More laboratories should test for Dientamoeba fragilis infection

BMJ 1999; 318 doi: https://doi.org/10.1136/bmj.318.7185.735 (Published 13 March 1999) Cite this as: BMJ 1999;318:735
  1. J J Windsor, Senior biomedical scientist (jeffjoewindsor{at}hotmail.com),
  2. E H Johnson, Associate professor
  1. Department of Microbiology and Immunology, College of Medicine, Sultan Qaboos University, PO Box 35, Muscat 123, Sultanate of Oman
  2. Department of Animal and Veterinary Sciences, College of Agriculture, Sultan Qaboos University, PO Box 34, Muscat 123

    EDITOR—Dientamoeba fragilis was first described by Jepps and Dobell in 19181 and has subsequently been shown to be an important enteric pathogen. It is therefore surprising that only a few laboratories look for this pathogen. D fragilis infections are effectively treated with di-iodohydroxyquinoline or tetracyline.2 In contrast, no treatment is available for Cryptosporidium spp, which most laboratories screen for routinely.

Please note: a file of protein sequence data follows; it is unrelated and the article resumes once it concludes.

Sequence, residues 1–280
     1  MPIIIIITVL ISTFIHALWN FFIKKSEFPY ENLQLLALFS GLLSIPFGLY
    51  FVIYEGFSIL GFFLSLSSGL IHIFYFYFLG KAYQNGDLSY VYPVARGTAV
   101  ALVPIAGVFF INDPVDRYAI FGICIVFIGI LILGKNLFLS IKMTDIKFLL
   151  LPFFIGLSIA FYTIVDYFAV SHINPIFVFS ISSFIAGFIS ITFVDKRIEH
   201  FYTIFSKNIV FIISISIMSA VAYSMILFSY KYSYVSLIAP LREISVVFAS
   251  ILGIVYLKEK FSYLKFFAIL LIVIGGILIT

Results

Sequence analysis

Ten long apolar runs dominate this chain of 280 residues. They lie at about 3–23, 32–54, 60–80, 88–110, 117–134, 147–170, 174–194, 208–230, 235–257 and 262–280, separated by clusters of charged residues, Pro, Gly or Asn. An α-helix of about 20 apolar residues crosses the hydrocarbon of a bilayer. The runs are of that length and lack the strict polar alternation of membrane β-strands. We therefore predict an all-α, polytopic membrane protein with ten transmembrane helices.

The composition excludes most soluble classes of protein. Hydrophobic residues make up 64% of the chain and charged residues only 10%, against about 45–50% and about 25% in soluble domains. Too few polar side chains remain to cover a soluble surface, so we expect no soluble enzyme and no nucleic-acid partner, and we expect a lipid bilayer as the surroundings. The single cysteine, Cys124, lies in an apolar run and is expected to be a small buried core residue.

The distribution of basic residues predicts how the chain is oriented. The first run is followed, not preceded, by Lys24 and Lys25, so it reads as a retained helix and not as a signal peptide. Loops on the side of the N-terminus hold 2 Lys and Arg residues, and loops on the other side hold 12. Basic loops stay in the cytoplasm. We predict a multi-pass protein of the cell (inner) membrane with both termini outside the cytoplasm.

Successful diagnosis of D fragilis is closely associated with the use of stained faecal smears. After using a suitable faecal stain as part of our routine methodology we found D fragilis to be the most common enteropathogen (occurring in 5.1% of faecal samples) in the Sultanate of Oman.3 A similar incidence (5.0%) has been reported recently among American soldiers stationed in Egypt.4 In the United Kingdom, however, few laboratories stain faecal smears. The laboratory reports of the Communicable Disease Surveillance Centre show that in 1992, 68 cases of D fragilis infection were reported from seven laboratories and that by 1996 this figure had increased to 231 cases reported from 20 laboratories (unpublished data). These results reflect an increase in the number of laboratories performing faecal stains. It can be assumed, however, that the true incidence of D fragilis infection is many times higher: there are an estimated 450 diagnostic laboratories in the United Kingdom, most of which do not look for this pathogen.

    Clinicians should add dientamoebiasis to their differential diagnosis in patients presenting with abdominal pain, diarrhoea, unexplained flatulence, nausea, and vomiting. Indeed, requests from clinicians to their laboratories to look for this organism will result in this neglected pathogen taking its rightful place alongside the more established enteropathogens. Ultimately, patients will be the true beneficiaries.


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